This insight that deliberation can drive people to sharper extremes rather that bring them together is a troubling one. This is something I’ve observed in deliberative engagement processes.
Additional chapters explore social movement dynamics (Chapter 3), ways of preventing “unjustified extremism” (Chapter 4), and “good extremism” e.g. civil rights movement, the fall of apartheid, etc (Chapter 5). Chapter 5 also introduces interesting new concepts like “enclave deliberation”. Sunstein notes that there is danger in such enclaves – which, for example, “may end up in violence and put social stability at risk” as per terrorist cells, cults of various kinds, etc – but also argues they can be socially beneficial in promoting the development of new positions on social issues.
In the context of prospective practices there are many potential applications of such theory, such as:
- Explaining the outcomes of scenario exercises, such as the greater polarisation of viewpoints seen in the Future Fuels Forum or the strengthening of preexisting inclinations;
- Applying group dynamics theory in process design and facilitation; and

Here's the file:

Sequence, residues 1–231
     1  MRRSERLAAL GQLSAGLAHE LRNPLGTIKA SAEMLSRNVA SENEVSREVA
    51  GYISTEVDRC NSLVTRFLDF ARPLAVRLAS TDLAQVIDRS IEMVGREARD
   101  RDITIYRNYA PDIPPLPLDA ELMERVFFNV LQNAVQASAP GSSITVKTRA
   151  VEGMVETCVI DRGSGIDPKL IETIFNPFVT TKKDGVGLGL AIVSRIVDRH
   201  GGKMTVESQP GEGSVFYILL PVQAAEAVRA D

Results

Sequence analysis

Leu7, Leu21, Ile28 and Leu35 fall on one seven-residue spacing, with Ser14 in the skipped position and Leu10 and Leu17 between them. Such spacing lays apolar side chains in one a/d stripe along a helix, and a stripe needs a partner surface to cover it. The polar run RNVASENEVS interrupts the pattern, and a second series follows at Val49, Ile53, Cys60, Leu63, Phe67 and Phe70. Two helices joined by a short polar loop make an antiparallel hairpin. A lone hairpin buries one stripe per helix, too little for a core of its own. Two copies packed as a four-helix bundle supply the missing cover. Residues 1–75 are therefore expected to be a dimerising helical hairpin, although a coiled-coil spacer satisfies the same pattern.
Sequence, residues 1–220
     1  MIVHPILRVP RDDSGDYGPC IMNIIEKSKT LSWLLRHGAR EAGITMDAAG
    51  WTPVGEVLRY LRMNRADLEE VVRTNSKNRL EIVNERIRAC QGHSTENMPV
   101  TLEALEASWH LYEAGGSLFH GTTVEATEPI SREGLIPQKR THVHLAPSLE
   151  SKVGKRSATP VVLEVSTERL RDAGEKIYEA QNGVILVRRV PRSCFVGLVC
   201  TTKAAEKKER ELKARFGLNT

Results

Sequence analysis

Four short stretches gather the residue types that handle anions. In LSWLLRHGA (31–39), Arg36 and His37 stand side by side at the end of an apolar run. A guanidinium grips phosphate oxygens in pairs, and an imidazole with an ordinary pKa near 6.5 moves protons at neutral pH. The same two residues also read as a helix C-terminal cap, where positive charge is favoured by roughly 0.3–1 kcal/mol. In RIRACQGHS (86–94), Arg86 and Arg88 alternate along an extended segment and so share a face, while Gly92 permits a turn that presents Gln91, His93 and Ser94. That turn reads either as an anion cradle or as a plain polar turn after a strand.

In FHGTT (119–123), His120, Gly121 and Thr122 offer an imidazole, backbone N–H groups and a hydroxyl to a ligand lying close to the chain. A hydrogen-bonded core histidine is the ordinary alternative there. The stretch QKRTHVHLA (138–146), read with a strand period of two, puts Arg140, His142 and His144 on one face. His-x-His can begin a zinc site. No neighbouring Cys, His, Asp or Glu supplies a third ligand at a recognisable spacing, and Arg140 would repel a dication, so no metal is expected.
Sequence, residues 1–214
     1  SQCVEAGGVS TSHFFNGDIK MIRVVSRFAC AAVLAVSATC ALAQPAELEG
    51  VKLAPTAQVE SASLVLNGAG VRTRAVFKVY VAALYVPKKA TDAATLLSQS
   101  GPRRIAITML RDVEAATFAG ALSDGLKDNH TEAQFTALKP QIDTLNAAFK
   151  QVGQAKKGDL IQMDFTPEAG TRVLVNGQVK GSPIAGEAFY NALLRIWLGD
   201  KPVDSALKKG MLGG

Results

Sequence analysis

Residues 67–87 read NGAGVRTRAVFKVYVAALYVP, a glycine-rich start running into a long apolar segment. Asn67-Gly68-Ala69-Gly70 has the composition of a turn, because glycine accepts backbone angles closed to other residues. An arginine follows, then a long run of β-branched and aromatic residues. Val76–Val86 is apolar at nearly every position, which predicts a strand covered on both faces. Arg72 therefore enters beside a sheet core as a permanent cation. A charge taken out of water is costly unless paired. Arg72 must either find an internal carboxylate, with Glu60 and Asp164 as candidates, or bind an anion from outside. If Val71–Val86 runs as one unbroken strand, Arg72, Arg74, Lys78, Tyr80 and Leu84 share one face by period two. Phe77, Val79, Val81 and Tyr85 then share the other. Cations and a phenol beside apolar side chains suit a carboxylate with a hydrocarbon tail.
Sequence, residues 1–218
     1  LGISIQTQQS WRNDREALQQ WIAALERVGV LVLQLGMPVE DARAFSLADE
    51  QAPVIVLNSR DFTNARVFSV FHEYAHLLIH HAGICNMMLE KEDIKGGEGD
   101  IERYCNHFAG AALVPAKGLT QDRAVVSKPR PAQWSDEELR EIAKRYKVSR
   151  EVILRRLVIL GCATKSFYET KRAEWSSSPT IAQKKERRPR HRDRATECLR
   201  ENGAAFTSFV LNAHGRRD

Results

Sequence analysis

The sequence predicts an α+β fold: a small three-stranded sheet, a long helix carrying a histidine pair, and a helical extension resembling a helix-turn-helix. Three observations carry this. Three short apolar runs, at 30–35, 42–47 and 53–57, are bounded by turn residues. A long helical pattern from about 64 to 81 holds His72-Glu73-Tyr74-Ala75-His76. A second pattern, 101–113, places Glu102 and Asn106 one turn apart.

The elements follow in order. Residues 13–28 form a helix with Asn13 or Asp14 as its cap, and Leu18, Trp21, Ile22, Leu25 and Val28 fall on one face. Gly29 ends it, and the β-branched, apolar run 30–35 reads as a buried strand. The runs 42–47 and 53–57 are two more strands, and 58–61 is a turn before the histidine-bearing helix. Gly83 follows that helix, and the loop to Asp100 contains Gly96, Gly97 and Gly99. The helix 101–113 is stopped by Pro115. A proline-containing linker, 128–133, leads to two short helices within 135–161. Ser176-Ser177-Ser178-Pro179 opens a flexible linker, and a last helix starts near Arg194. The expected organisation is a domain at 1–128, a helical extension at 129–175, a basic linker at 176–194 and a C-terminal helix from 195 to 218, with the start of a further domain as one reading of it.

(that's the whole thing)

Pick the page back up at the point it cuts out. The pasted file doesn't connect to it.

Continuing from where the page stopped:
- Using associated theories and concepts, such as social cascades and “enclave deliberation”, to better understand the social dynamics of extremism in futures thinking.
I intend to explore this further and would welcome hearing others’ thoughts/suggestions.
Lastly, I didn’t feel that Sunstein adequately explored when “extreme movements” are or aren’t justified. People pushing to abolish slavery were once “extremists”. Can some climate activists and sustainability activists today be considered extremists (I think, in many respects, the answer is yes), and is this justified? A balanced reading of history reveals that extremism is not always a bad thing. Sunstein similarly states that “it is obvious that extremism is not always bad” and argues that successful reform movements can be aided by polarisation and extremism. However, it is also clear than extremism can impair reform movements. More work is needed to unpack and understand these complexities.